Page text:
I liked it. In F1.2, the shots had a magical bokeh. Additionally, I could layer my shots in a way that the 35mm could not. I was into it. This being said, I used the autofocus quite often, and sometimes the camera would have delayed responses with this particular lens. But, I was happy overall with the results it was producing.
After a while, the thumb grip started peeling off the X-T20. The new X-T30 had just hit the shelves. I heard it had faster autofocus speed. I went to test it out with my 56 attached. Wow! I was tremendously impressed with its speed. Made the trade. Around this time, I made another friend through coffee, Stefan Heldzinger, a wildly talented photographer.
His edits were quite impressive to me. Seeing his skill and attention to detail was definitely inspiring. I picked his brain. I started watching Youtube videos. I started listening to photography podcasts like Fujilove, The Candid Frame, and Fujicast. I searched for other skilled photographers to learn from on Instagram, reaching out to them, asking questions. Again, I went deeper down the rabbit hole.
Street photography. Addicted to it perhaps. I can’t remember when I started to point the camera away from the barista and at the pedestrian. But it happened! Capturing candid moments of people on the street or inside coffee shops is something I get a lot of enjoyment from. I find it challenging. It feels kind of like I’m hunting. I want to get the shot, and not be noticed, like a sniper. The 56mm lens feels perfect for this approach.
One of my favorite shots to do when roaming the streets is the person sitting inside a café, sipping coffee by the window. It feels timeless! If they look up and give eye contact at the last second, even better! My second favorite shot to look for right now is when I’m inside a coffee shop, and shoot through a window with morning dew on it, capturing someone on the other side while they are drinking their coffee. If you’re looking for interesting subjects, keep an eye out for these!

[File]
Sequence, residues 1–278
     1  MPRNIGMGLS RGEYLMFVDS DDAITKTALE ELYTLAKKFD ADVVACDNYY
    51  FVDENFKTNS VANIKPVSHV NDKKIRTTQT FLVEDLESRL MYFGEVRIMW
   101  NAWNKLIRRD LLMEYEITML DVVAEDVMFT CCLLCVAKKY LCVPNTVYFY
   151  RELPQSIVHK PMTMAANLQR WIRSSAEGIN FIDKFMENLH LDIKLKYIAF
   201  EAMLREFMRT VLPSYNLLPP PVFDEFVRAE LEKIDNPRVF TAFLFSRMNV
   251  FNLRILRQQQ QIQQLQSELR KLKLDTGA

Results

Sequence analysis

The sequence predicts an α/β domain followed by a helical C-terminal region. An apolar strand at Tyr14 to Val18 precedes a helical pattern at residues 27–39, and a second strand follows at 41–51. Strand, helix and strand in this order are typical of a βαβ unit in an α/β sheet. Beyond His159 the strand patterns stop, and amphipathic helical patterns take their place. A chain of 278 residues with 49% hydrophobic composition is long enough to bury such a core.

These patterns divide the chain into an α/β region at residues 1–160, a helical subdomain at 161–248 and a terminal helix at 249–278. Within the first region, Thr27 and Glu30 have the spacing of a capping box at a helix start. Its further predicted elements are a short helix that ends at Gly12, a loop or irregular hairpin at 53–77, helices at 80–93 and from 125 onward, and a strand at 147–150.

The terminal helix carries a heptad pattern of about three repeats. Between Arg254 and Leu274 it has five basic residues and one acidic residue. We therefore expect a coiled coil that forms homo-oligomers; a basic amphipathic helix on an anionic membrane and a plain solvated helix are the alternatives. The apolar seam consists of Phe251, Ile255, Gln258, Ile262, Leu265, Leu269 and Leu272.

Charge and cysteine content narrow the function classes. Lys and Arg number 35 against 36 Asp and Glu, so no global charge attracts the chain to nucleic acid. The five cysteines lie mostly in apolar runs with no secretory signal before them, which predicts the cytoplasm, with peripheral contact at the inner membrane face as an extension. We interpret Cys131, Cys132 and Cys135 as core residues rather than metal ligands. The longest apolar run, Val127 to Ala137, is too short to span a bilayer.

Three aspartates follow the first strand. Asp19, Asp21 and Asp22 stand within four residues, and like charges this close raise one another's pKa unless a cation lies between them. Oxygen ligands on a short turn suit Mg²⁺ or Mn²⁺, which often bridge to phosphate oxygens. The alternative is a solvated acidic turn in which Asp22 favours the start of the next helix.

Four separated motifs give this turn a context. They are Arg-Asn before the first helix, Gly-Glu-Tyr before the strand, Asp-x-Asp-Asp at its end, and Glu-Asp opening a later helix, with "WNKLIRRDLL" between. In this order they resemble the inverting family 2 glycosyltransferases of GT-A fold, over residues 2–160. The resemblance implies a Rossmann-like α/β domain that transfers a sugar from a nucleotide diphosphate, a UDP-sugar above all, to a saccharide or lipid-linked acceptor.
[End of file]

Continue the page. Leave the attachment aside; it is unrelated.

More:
Something of note, I shoot with the EVF in black and white. Learned this technique from Kevin Mullins on the Fujicast. He said it helps with exposing properly. I have found this to be true. Thanks to Fuji’s mirror-less system, we get to do this! Being able to see how your photo is going to look feels like a cheat code, and for me it makes photography all the more enjoyable.
On my days off from work, I shoot. After a day of shooting, and after my little one goes to sleep, I upload all the RAW files to Lightroom. I tend to edit dark and moody. Michelle Viljoen, a photographer from South Africa, is a massive inspiration to me. Her window shots are stunning. The way she uses blacks to create moodiness is unlike anyone I have seen.
Another photographer whose work I find myself drawn to is Joshua Jackson, from London. His compositions and use of color is magical. If you need some inspiration, these two are some of the best street photographers around the world.
In conclusion, I’d like to say, find those who’s work you admire. Ask them questions. In my experience, even the most popular photographer’s will reply to your comments or direct message if you have a serious photography inquiry.
Then, use what you learn and practice! Take your camera with you everywhere, literally. Shoot! The more time you put in, the more you recognize life’s incredible fleeting moments, the more you develop your own style, and of course, the deeper you go down the rabbit hole.
“My name is Robert Sykes. I’m twenty-eight years old and I live in Houston, Texas. I practice Zen meditation. I work full time as an ICU nurse. And, I am a part-time photographer.”